Joe Biden responded, “The President has no plan.” Trump threw the punch back, claiming, “Biden was a disaster handling H1N1, his own Chief of Staff said so.” Trump did speak positively about a vaccine coming soon, mentioning communication with doctors and public health experts. However, as Biden pointed out, “This is the same guy who told you in April it’d be gone by Easter.” 

Trump raised concerns that the vaccine itself had been “politicized,” suspicious of the proximity of the election to the projected timeline for the vaccine creation. The distribution of this vaccine once it has been produced was another point of debate, touched on briefly. Biden predicts it will be a slow and lengthy process; Trump predicts it will be efficient and rapid. 

On the Economy

Like a substitute teacher, Wallace brought the two back to the point: Why should one prefer Trump’s “V-Shape” recovery model of the economy over Biden’s “K-Shape” recovery model? 

Trump said the economy is already doing better than had been predicted, promising more of that to come should he be reelected. Acknowledging the fact that the economy will have to recover from this period in time, Trump reminded the audience that the Obama-Biden Administration, inheriting the economy following the 2008 recession, oversaw what is now referred to as the slowest economic growth period since World War II. 

“There are fewer jobs now than when he became president,” Biden decried. It was unclear where Biden was placing the blame for these lost jobs, however, since the fact is, it was the coronavirus, and Trump’s swift response to it, that wrecked the economy. Biden never acknowledged the state of the pre-coronavirus economy. 

Pressed on his own plan and its financing, Biden replied, “The Green New Deal will pay for itself as we move forward.” After being reminded of his own views on climate change by the moderator, Biden declared, “I don’t believe in the Green New Deal, I believe in the Biden Plan!” So, what is this Biden Plan? 

“Biden’s plan will hurt the economy,” Trump jumped in, explaining how it stipulates an increase of $4 Trillion in tax revenue, only affecting households earning $400,000 or more annually. Per Trump’s view, this would result in wealthy companies and individuals leaving the country, taking their wealth with them. Plunging further into financial insecurity on the cusp of a recession only steers the country more directly towards an economic depression. However, do remember that, per Biden’s view, this is purely conjecture.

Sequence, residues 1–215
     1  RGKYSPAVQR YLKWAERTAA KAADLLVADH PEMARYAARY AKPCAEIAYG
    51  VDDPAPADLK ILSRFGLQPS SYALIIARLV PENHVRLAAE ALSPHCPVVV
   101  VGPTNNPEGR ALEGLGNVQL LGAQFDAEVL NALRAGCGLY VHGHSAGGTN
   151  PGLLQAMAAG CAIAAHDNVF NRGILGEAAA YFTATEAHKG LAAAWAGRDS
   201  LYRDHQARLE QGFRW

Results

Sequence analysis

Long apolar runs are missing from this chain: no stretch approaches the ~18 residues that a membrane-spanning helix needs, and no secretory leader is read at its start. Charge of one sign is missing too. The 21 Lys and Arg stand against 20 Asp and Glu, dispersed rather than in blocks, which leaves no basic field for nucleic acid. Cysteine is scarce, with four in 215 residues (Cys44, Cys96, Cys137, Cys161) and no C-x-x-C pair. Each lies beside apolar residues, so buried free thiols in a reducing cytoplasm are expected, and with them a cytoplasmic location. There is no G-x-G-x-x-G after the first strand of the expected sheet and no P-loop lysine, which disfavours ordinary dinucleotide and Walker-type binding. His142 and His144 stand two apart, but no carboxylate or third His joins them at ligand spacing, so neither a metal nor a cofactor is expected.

On Race and Violence

Regarding race issues in America, Wallace asked each of the candidates to advance his position as the most capable leader in handling division within our borders moving forward. 

Trump stood his ground in firm support of law enforcement and all things “law and order.” On the topic of critical race theory, Trump deemed it the idea a “radical revolution that was taking place in our military, in our schools, all over the place,” and stated, “I won’t teach people to hate our country.” 

Biden claimed that, “all [Trump] ever wants to do is divide people, not unite people at all.”  Trump responded with points from Biden’s legislative resume, including the 1994 Crime Bill, in which Trump highlighted Biden’s referral to African Americans as “superpredators.” Trump added, “you look back at [Biden’s] testimony over the years [Biden’s] called them a lot worse than that.” 

Trump also pointed out the fact that racial division was already pulsing through the veins of the nation well before Trump took office. He mentioned the incidents of unrest that stemmed from the issue of race in Ferguson, Oakland, and Baltimore, all of which occurred under the Obama-Biden administration.

Biden was not convinced. When asked whether or not he believes there are separate, unequal systems of justice in America, Biden replied, “There is systemic injustice in the country… law enforcement, education,” he replied. He encouraged the audience to remember that there are “bad apples.” Biden shared his views on how he might address the ‘bad apple’ problem, stating, “We’re going to work this out so we can change the way in which we have more transparency.” Rebutting Trump’s claims about the reality of critical race theory, Biden managed, “Nobody’s doing that. He’s just, he’s racist,” before moving on to push forth the idea that Trump looks down on all people unlike himself. Hope is not lost, however, as Biden assures, “There’s nothing we cannot do, if we do it together. We can take this on, and we can defeat racism.” One is left to assume that Biden believes critical race theory training is the way to do so, for no other concrete ideas were put forth. 

If you had thought before that Biden was aligning himself with calls for defunding the police, think again. During the debate, he placed himself “totally against defunding the police,” calling for, rather, a distribution of the funds already allotted to the police, emphasizing the various roles of psychologists and community policing. That is subject to change, by virtue of Biden’s track record. 

On Climate